As reported in the International Business Times, the Landmarks Preservation Commission has rejected The Save Rizzoli Committee’s and Borough President Gale Brewer’s request for an interior landmark designation. Their rationale defies belief:
“The overall interior design of the space dates to 1985, when interior elements such as chandeliers and bookshelves were installed and new cabinetry and new flooring were designed as part of Hardy Holzman Pfeiffer Associates’ redesign and transformation of the space to accommodate the bookstore. Some original interior fabric remaining from the Sohmer Piano showroom, such as the decorative ceiling and iron railings, was incorporated into the new design. Our review concluded that because there are few remaining elements from the piano showroom era, particularly in comparison with other intact interior landmark spaces like the Steinway Piano showroom on West 57th Street, the site no longer retains the integrity of its original design, and the ca. 1985 redesign of the space does not rise to the level of an interior designation.”
As can be clearly seen from this photograph taken circa 1920, the overall first floor design of the space clearly does not date to 1985. The most architecturally significant details of the Sohmer store—the vaulted stucco ceiling and ornamental capitals—still survive in pristine condition.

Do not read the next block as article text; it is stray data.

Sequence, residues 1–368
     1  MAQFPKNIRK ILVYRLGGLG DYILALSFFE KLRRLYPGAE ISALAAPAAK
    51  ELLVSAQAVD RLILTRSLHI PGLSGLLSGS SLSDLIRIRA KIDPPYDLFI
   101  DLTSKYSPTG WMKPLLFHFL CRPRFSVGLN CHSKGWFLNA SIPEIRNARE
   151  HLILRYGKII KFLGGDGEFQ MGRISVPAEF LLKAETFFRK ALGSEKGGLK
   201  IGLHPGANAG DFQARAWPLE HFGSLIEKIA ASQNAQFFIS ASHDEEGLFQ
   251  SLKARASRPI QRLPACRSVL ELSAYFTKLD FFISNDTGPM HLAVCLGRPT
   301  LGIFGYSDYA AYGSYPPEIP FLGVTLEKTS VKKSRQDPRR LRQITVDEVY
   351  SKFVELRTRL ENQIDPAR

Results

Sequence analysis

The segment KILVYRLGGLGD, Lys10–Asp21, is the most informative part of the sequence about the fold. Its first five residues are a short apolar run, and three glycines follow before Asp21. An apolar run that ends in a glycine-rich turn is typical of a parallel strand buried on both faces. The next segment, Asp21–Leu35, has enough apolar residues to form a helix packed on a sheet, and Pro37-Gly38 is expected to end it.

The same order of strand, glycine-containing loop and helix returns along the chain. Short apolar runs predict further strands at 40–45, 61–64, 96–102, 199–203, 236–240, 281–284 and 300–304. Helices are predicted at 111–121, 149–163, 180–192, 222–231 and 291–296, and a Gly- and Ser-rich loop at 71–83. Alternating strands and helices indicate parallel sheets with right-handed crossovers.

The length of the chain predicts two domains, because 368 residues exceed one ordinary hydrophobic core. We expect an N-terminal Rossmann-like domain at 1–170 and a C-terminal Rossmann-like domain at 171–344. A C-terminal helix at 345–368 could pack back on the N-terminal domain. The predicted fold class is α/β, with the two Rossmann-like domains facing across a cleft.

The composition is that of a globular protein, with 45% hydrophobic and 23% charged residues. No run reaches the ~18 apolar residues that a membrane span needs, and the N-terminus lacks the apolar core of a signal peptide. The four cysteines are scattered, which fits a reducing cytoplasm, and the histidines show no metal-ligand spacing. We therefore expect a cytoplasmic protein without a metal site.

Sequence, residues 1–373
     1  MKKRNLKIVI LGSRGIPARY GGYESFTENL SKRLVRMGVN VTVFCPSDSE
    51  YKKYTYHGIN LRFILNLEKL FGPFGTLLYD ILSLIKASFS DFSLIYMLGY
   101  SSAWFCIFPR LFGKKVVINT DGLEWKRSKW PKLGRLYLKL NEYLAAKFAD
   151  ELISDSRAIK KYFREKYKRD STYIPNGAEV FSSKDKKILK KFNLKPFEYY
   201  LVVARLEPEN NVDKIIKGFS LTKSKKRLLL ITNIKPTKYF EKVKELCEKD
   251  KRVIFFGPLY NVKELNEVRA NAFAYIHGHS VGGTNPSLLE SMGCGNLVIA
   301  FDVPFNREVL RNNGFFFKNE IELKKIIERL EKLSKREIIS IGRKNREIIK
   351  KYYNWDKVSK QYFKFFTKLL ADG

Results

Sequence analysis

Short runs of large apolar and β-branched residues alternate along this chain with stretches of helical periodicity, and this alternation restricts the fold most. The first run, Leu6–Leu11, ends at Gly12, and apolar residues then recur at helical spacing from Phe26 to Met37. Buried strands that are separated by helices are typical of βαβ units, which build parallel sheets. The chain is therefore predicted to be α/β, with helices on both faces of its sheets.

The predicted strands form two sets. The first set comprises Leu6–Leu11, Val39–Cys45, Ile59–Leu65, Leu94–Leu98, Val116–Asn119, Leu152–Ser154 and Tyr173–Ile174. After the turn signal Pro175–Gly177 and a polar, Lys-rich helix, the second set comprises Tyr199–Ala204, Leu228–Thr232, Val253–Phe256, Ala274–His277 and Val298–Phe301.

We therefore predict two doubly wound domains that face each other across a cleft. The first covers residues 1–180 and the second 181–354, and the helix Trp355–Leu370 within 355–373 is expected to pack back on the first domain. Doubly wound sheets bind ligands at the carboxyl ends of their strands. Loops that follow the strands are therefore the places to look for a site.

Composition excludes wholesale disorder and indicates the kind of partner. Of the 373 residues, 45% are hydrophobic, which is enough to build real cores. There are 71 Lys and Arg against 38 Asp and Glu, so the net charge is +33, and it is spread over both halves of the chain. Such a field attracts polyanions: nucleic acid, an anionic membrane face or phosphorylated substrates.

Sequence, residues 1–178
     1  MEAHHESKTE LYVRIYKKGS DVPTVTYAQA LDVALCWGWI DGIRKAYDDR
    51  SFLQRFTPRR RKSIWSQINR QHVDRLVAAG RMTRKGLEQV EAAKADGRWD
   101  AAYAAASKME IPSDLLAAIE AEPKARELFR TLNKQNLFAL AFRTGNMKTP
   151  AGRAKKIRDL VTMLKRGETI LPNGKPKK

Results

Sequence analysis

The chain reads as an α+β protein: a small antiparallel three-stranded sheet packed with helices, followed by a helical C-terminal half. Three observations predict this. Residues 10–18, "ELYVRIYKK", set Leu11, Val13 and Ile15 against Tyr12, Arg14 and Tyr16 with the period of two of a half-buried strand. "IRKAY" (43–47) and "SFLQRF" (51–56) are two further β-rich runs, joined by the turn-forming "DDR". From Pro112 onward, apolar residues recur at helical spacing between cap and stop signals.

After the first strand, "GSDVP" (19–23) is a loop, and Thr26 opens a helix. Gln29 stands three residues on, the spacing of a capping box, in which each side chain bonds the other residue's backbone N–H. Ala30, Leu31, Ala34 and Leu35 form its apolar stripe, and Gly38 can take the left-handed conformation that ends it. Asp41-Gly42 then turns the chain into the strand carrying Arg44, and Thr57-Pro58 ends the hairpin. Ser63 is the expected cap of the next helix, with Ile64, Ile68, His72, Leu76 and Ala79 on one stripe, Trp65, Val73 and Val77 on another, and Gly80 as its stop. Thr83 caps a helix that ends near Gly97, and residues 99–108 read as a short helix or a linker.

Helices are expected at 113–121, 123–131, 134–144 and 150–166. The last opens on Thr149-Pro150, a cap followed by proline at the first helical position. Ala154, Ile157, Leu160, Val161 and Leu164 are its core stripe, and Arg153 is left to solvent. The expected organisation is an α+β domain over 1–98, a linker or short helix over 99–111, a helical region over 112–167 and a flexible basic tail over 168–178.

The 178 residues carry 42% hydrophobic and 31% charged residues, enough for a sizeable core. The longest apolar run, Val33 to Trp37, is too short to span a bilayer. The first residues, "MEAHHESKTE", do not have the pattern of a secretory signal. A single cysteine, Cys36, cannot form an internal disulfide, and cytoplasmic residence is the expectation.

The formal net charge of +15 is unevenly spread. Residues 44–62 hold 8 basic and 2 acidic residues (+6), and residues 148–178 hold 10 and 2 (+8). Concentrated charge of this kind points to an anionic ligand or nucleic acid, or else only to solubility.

In 1984, Hard Holzman Pfeiffer Associates renovated the space, most notably, by adding a new glass storefront entrance, a staircase linking the 2nd and 3rd floors, and a balcony extension around the west side of the mezzanine. These additions do not significantly impair the original Sohmer ground floor interior. To deny interior landmark status on the basis that the floor tiles and the chandelier are not original is beyond preposterous.
In refusing to hold a public hearing on this building–despite the overwhelming pleas from the community board, elected officials, and the public–the Landmarks Preservation Commission has failed in its duty to protect these architecturally and historically significant buildings.
It is now apparent that LPC Chairperson Robert Tierney, whose term will soon expire, is the sole obstacle to protecting this landmark-worthy building. The Save Rizzoli Committee would like to strongly urge Mayor de Blasio to appoint a new Chair who will listen to the community.
To write to Mayor de Blasio requesting he quickly appoint a new Landmarks Preservation Commission Chair, please go here.